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Like many Seattleites, Ariel Meadow Stallings is unconventionally conventional. A former raver who grew up in the bucolic setting of Bainbridge Island, she published the book “Offbeat Bride: Creative Alternatives for Independent Brides” in 2007. Part memoir and part how-to, the tome details the quest to have a wedding that didn’t include a white princess dress and a waltz down a church aisle.

The success of the book spawned a website, Offbeatbride.com, a popular wedding blog that Stallings says garners a million readers a month.

With all the interest she found in nontraditional weddings, Stallings, 39, was surprised to learn Seattle ranked first in the nation for kids living in a nuclear family, beating out conservative bastions Colorado Springs and Salt Lake City.

“It’s definitely weird to me,” she said of the distinction for Seattle, where three-quarters of all children live with married parents. “It really speaks to this disconnect between how we identify as progressive and liberals and then the life we actually lead being more conservative — not in a political sense, but in a lifestyle sense — than we might expect.

“The city that is so dedicated to progressive politics, and a liberal social view, and marriage equality and even communal living — that doesn’t translate into how we are raising families,” she added.

In many ways, Stallings is an example of this dichotomy. Now part of a nuclear family with her 5-year-old and her husband, Andreas Fetz, a yoga instructor, she’s the daughter of “well-grounded hippies,” themselves a prototypical nuclear family — albeit a lefty, progressive one (her mother was a midwife, and her father worked for King County Metro).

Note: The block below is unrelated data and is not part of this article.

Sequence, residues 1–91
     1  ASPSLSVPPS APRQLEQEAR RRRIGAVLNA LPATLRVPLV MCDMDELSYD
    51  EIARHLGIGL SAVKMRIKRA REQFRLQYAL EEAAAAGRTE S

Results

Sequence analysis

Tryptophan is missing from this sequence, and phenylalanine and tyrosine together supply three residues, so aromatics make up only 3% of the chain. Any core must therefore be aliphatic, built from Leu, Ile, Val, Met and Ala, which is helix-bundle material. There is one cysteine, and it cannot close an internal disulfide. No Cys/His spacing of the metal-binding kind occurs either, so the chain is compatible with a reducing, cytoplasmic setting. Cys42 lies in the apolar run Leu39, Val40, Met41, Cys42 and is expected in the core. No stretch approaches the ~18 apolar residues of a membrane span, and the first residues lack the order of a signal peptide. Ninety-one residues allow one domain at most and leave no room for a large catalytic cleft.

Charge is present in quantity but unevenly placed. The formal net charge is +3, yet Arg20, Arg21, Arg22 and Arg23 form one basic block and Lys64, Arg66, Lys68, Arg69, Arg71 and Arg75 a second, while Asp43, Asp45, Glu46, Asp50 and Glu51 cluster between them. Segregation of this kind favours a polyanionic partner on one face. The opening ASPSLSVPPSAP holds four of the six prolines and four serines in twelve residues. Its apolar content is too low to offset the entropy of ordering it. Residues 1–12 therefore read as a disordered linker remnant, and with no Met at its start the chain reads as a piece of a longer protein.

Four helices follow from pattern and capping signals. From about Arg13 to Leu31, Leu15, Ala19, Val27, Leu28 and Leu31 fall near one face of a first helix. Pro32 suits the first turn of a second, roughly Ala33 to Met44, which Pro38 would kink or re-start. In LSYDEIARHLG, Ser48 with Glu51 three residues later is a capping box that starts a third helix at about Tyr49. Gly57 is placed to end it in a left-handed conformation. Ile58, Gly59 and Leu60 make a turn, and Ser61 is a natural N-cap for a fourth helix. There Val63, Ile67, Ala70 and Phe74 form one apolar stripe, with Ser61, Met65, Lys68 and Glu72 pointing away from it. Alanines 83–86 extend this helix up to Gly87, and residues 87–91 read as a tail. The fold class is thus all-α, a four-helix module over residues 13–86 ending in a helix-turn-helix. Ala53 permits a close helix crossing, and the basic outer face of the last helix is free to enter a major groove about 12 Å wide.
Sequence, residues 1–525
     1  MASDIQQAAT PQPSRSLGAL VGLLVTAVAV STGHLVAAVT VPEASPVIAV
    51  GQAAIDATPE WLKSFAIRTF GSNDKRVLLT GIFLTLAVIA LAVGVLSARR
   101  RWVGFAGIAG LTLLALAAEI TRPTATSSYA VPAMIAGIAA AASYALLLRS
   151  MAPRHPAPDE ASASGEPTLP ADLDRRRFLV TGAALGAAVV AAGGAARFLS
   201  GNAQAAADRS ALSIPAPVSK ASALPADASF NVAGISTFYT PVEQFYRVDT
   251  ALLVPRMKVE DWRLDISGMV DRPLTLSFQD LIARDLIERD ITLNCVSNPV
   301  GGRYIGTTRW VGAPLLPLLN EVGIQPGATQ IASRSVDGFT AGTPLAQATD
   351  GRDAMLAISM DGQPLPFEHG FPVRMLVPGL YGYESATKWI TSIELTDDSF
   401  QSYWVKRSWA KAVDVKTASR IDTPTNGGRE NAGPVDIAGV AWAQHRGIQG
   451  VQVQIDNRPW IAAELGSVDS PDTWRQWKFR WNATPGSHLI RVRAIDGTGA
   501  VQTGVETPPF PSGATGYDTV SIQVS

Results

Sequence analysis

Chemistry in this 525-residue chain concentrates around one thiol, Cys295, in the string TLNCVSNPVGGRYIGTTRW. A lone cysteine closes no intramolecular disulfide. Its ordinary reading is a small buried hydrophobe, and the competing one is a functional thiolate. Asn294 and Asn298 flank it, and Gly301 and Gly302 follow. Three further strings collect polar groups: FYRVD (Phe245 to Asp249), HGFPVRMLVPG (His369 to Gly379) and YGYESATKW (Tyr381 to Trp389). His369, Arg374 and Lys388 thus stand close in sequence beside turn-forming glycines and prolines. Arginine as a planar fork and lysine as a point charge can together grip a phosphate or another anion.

“It does not get much more quintessential than dad working for public transportation, mom as a midwife, living in the woods of Bainbridge Island in a log cabin they built themselves in the mid-70s,” she said. “They were living the dream, to be sure.”

And she’s certainly no stranger to nontraditional families. After her parents divorced, her mother remarried, and she and her wife briefly ran a commune on the same property where Stallings grew up.

Much of her work for Offbeat Empire LLC, her media network that includes the blogs Offbeat Home and Life and Offbeat Bride, deals with these dueling identities.

“It’s people who identify outside of the mainstream but who are doing in some ways some of the most mainstream things you can do, which is creating a home, committing to a partner and starting a family,” she said.

While there seems to be some connection between high income and nuclear families, legal marriage makes sense when having kids. One couple she knew had a commitment ceremony, but when they got pregnant, had a courthouse wedding and made it official.

“There was definitely a level of legality that sort of shifted when a baby came into the picture,” she said. “There are a lot of ways society is set up to favor parents, to make things easier for parents who are married.”

In fact, some of her readers, many of whom are in Seattle, turned out to be more conventionally minded than she anticipated.

She stopped one of her blogs, Offbeat Families, in part because her readers wanted more traditional topics than she did, preferring posts about attachment parenting, a practice that is “contradictory to second-wave feminism where you go to work, you have the job, you leave your kid at day care.”

Added Stallings: “Posts I was really excited about were, like, ‘Being a mother isn’t the most interesting thing about me,’ but what my readers wanted were posts about attachment parenting, about breast-feeding, and natural childbirth.” In other words, unconventionally conventional.

Tricia Romano: tromano@seattletimes.com or on Twitter @tromano